This study examines how changes in the seasons relate to student absenteeism in Detroit. The probability that a student will miss school was lowest in the Fall, higher in Winter and Spring, and the highest in Summer (June), with exceptionally high rates of absence in the last two weeks of school. Nearly 4,000 DPSCD students (about 7%) reached the threshold for chronic absence in the last two weeks of the school year. Heavy precipitation in the Winter was associated with a 5% increase in the probability that a student would be absent, but the effect of precipitation in the Fall and Spring was minimal. Weather had a stronger affect on chronically absent students than non-chronically absent students.
Detroit’s Uniquely Challenging Context for Student Attendance
Nationwide, long-term population change, asthma rates, poverty and unemployment rates, residential vacancy rates, violent crime rates, average monthly temperature, and racial segregation for a city’s greater metropolitan area are all significantly correlated with city-wide rates of chronic absenteeism. Detroit has the highest chronic absenteeism rate in the country (about 50%), and it has a uniquely challenging context for student attendance. Among cities with 500,000 or more residents, Detroit has the highest adult asthma rate (14%), unemployment rate (about 20%), poverty rate (about 38%), violent crime rate (about 20 per 1,000 people), and residential vacancy rate (27%). In addition, it has the greatest population loss since 1970 (about 50% decline), one of the lowest average monthly temperatures (about 49° F), and is among the most segregated major metropolitan areas in the country.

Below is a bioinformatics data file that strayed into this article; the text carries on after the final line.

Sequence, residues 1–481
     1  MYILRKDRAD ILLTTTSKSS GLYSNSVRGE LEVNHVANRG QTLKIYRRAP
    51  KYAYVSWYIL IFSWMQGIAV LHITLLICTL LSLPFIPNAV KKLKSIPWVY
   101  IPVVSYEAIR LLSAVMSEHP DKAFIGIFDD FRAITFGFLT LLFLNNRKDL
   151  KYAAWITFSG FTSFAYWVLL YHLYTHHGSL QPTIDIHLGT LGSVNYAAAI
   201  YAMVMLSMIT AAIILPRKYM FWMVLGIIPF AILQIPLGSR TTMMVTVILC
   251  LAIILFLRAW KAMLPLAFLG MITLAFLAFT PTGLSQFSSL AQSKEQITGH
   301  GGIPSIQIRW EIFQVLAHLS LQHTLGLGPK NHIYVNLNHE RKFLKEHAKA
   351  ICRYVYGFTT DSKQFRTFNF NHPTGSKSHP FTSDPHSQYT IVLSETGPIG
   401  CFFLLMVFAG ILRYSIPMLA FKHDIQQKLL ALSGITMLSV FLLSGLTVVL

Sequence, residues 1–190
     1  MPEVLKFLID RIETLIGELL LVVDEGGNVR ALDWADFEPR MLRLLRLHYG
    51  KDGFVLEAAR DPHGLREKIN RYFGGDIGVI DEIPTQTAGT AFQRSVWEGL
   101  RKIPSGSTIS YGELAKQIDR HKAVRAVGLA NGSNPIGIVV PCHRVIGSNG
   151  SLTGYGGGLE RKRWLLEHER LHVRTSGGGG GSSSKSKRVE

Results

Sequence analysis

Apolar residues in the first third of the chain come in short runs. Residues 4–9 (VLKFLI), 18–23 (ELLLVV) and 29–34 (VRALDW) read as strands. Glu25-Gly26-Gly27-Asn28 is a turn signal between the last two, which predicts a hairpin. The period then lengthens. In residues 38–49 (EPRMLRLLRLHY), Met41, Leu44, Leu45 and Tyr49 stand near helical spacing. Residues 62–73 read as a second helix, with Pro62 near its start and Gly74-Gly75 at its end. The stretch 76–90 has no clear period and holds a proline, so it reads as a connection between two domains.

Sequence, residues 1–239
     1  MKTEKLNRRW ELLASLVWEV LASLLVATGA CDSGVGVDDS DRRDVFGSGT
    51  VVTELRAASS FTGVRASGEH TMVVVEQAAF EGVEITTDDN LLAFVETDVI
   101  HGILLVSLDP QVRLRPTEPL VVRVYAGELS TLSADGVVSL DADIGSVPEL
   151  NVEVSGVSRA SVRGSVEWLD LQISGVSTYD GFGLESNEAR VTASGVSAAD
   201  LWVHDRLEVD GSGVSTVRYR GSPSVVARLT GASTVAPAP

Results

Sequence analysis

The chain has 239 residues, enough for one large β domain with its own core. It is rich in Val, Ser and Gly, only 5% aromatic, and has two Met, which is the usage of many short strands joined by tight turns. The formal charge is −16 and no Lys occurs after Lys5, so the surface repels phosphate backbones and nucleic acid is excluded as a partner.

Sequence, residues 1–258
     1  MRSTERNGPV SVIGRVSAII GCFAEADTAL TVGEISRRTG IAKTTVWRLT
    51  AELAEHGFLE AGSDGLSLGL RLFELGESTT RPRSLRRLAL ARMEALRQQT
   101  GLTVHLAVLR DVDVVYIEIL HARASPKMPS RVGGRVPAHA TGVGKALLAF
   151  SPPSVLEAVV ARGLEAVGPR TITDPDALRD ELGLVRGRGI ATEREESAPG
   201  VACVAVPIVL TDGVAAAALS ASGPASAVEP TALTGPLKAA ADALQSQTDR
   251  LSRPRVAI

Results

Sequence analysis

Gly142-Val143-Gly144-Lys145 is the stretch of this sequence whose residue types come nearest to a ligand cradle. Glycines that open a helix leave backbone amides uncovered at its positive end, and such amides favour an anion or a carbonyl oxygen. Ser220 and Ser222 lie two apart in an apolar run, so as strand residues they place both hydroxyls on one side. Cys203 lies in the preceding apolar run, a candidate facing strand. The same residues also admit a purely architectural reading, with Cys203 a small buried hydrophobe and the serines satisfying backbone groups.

Geography, School Type, and High Student Attendance in Detroit
Detroit’s high attenders missed an average of just 2 days a year and performed significantly better on ELA and math standardized tests than non-high attenders, even those missing an average of 9 days a year. Nearly 70% of Detroit’s high attenders were enrolled in “high attendance schools,” or the top third of schools by attendance rate. Just 8% of high attenders were enrolled in “low attendance schools.” Most of Detroit’s high attenders were enrolled in “commuter” charter schools downtown and in the Detroit Public Schools Community District’s application- or exam-based schools, traveling farther on average than non-high attenders to enroll in school.